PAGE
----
Black Puerto Rican Identity and Religious Experience by Samiri Hernández Hiraldo

By Samiri Hernández Hiraldo

Loiza is a Puerto Rican city identified for most sensible representing the African traditions, a neighborhood of a generally black inhabitants stricken by profound racial discrimination and poverty. yet many Loiza citizens strongly establish themselves in spiritual phrases, strategically handling their person, familial, gender, generational, neighborhood, nationwide, and racial identities via a religious prism that successfully is helping them deal with and remodel their tricky reality.

Based on 365 days of fieldwork, this research exhibits how believers event their faith in its a number of dimensions. Writing as a local ethnographer, the writer bargains the non-public non secular histories of lots of Loiza’s citizens, a few of whom she follows northward to the U.S. as they re-create neighborhood and political obstacles. Hernández Hiraldo performs the function of player observer, a social scientist with affection for her topics, who shared an important features in their religious lives together with her. Her narratives show an strangely nuanced knowing of the position of religion within the lives of Loiza’s people.
Arguing that figuring out and respecting the ability of faith during this neighborhood is vital to addressing and remedying its social difficulties, Hernández Hiraldo contests the characterization of Puerto Rico as a culturally homogenous kingdom with a monolithic church. She analyzes the altering nature of Catholicism at the island and the demanding situations it faces from the community’s different denominations, particularly the Pentecostal church buildings, lots of that are suffering to maintain their congregations.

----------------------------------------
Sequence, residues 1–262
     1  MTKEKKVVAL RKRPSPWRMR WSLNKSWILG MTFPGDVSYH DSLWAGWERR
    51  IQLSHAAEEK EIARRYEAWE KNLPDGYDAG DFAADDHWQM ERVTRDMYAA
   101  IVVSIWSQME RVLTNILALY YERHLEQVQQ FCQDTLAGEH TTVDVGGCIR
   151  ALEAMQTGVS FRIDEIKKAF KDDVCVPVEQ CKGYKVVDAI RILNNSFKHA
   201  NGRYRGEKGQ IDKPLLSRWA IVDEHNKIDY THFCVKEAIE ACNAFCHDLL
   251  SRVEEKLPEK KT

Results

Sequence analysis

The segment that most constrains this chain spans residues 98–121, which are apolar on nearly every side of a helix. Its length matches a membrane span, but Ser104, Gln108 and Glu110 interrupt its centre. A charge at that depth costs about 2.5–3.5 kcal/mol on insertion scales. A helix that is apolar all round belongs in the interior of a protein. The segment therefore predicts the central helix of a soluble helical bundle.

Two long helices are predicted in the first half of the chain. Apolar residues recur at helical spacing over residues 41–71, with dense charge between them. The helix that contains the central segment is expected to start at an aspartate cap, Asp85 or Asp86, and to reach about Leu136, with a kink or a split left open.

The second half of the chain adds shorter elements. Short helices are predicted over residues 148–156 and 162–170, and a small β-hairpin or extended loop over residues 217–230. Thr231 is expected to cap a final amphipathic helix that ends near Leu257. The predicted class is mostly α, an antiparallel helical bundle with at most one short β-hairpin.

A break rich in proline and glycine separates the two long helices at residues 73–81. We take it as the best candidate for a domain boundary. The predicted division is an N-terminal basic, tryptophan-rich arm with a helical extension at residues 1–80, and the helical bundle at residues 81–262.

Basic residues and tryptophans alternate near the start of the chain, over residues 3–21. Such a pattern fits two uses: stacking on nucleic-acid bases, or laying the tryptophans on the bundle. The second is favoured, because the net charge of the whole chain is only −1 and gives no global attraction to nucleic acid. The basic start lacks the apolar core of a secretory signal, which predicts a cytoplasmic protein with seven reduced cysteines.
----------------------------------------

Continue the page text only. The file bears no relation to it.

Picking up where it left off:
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This town is also known for its long pro-independence history. I had done some work in Adjuntas as a research assistant and as a teaching assistant of Carlos Buitrago, professor of anthropology at the UPR. Much of the collaborative research work was on the origins of capitalism and slavery in this town. My decision to return to my former interest in religion was prompted by classroom discussions of otherness and of religion per se and by intellectual discussions about religion in special events sponsored by the Graduate Christian Fellowship at the University of Michigan.

I insist, though, that this happens precisely to give legitimacy to Loízan identity and its religion. In contrast, in the chapter 6, I examine the church’s tactic of directly addressing Loíza’s black identity, socioeconomic “backwardness,” and conformist attitude in order to validate the need for a “new” Christian message of selfesteem, prosperity, and self-determinism. Since the Church of the Fountain of the Living Water insists this message is urgently needed in Loíza, I also draw attention to other verbal and nonverbal mechanisms employed by the CFLW’s preacher to validate his church’s message.

Imports and that a majority of the country’s exports are to the mainland United States. The new status encouraged a massive migration of Puerto Ricans to work in the country’s urban areas and also on the mainland, especially after World War II. 8 million were estimated to live on the island. Puerto Ricans are involved in a back-and-forth migration pattern. S. S. lifestyle. I agree with Duany’s (2002: 281) argument that inventing national culture was the response of Puerto Ricans to the American rationale for occupying the island (officially, since 1898), which was based on the Puerto Ricans’ incapacity for self-government and a lack of a well-defined cultural identity.

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